member of the community.
Finally, the point just made in the last paragraph, that
H4 See the well-known exchange between A. J. A yer and Rush Rhees under
the title "Can there be a Private Language?" (see note 47). Both
participants in the exchange assume that the 'private language argument'
excludes Crusoe from language. Ayer takes this alleged fact to be fatal to
Wittgenstein's argument, while Rhees takes it to be fatal to Crusoe's
language. Others, pointing out that a 'private language' is one that others
camlOt understand (see the preceding paragraph in the text), see no reason
to think that the 'private language argument' has anything to do with
Crusoe (as long as we could understand his language). My own view of
the matter, as explained very briefly in the text, differs somewhat from all
these opinions.
~ If Wittgenstein would have any problem with Crusoe, perhaps the
problem would be whether we have any 'right' to take him into our
community in this way, and attribute our rules to him. See Wittgenstein's
discussion of a somewhat similar question in I99-200, and his
conclusion, "Should we still be inclined to say they were playing a game?
What right would one have to say so?"
The Solution and the 'Private Language' Argument III
Wittgenstein's theory is one of assert ability conditions,
deserves emphasis. Wittgenstein's theory should not be
confused with a theory that, for any m and n, the value of the
function we mean by 'plus', ;s (by definition) the value that
(nearly) all the linguistic community would give as the
answer. Such a theory would be a theory of the truth
conditions of such assertions as "By 'plus' we mean such-and-
such a function," or "By 'plus' we mean a function, which,
when applied to 68 and 57 as arguments,. yields 125 as value."
(An infinite, exhaustive totality of specific conditions of the
second form would determine which function was meant, and
hence would determine a condition of the first form.) The
theory would assert that 125 is the value of the function meant
for given arguments, if and only if'I2S' is the response nearly
everyone would give, given these arguments. Thus the theory
would be a social, or community-wide, version of the disposi-
tional theory, and would be open to at least some of the same
criticisms as the original form. I take Wittgenstein to deny that
he holds such a view, for example, in Remarks on the
Foundations of Mathematics, v, 33 [VII, 40] : "Does this mean,
e.g., that the definition of the same would be this: same is what
all or most human beings ... take for the same?-Of course
not. "86 (See also Philosophical Investigations, p. 226, "Certainly
the propositions, "Human beings believe that twice two is
four" and "Twice two is four" do not mean the same"; and see
also 240-I.) One must bear firmly in mind that Wittgen-
stein has no theory of truth conditions - necessary and
sufficient conditions - for the correctness of one response
rather than another to a new addition problem. Rather he
simply points out that each of us automatically calculates new
addition problems (without feeling the need to check with
the community whether our procedure is proper); that the
community feels entitled to correct a deviant calculation; that
86 Although, in the passage in question, Wittgenstein is speaking of a
particular language game of bringing something else and bringing the
same, it is clear in context that it is meant to illustrate his general problem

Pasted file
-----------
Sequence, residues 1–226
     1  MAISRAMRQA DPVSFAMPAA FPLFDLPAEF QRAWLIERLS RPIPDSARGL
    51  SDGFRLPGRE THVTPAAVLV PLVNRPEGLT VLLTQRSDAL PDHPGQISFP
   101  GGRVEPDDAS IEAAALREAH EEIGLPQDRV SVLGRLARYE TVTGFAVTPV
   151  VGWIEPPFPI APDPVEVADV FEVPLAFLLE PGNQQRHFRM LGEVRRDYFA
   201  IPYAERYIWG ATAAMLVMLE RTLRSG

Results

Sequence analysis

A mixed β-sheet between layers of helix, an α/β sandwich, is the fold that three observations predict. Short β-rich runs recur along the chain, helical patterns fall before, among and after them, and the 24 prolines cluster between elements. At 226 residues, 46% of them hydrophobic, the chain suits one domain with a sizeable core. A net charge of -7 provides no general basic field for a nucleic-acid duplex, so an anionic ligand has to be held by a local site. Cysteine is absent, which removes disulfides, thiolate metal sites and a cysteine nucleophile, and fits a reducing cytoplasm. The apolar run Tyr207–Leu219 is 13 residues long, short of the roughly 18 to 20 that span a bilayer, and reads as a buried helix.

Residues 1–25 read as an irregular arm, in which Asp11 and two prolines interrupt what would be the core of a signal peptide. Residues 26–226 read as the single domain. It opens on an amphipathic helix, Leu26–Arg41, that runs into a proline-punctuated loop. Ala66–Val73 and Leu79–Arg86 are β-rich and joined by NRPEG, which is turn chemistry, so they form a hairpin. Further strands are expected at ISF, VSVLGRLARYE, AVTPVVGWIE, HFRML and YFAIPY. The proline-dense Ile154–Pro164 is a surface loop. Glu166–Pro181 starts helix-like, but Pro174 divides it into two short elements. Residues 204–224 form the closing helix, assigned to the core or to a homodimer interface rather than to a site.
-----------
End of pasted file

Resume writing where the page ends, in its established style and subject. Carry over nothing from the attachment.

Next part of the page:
about rules. The entire passage is worth reading for the present issue.
112 The Solution and the 'Private Language' Argument
in practice such deviation is rare, and so on. Wittgenstein
thinks that these observations about sufficent conditions for
justified assertion are enough to illuminate the role and utility
in our lives of assertion about meaning and determination of
new answers. What follows from these assertability condi-
tions is not that the answer everyone gives to an addition
problem is, by definition, the correct one, but rather the
platitude that, if everyone agrees upon a certain answer, then
no one will feeljustified in calling the answer wrong. 117
Obviously there are countless relevant aspects of Wittgen-
stein's philosophy of mind that I have not discussed.
88
About
some aspects I am not clear, and others have been left
untouched because of the limits of this essay. 89 In particular, I
87 See note added in proof, p. 146.
88 One question goes in the opposite direction from note 87 (p. 1(6). As
members of the community correct each other, might a given individual
correct himself? Some question such as this was prominent in earlier
discussions of verificationist versions of the private language argument.
Indeed, in the absence of Wittgenstein's sceptical paradox, it would
appear that an individual remembers his own 'intentions' and can use one
memory of these intentions to correct another mistaken memory. In the
presence of the paradox, any such 'naive' ideas are meaningless.
Ultimately, an individual may simply have conflicting brute inclinations,
while the upshot of the matter depends on his will alone. The situation is
not analogous to the case of the community, where distinct individuals
have distinct and independent wills, and where, when an individual is
accepted into the community, others judge that they can rely on his
response (as was described in the text above). No corresponding relation
between an individual and himselfhas the same utility. Wittgenstein may
be indicating something like this in 268.
89 I might mention that, in addition to the Humean analogy emphasized in
this essay, it has struck me that there is perhaps a certain analogy between
Wittgenstein's private language argument and Ludwig von Mises's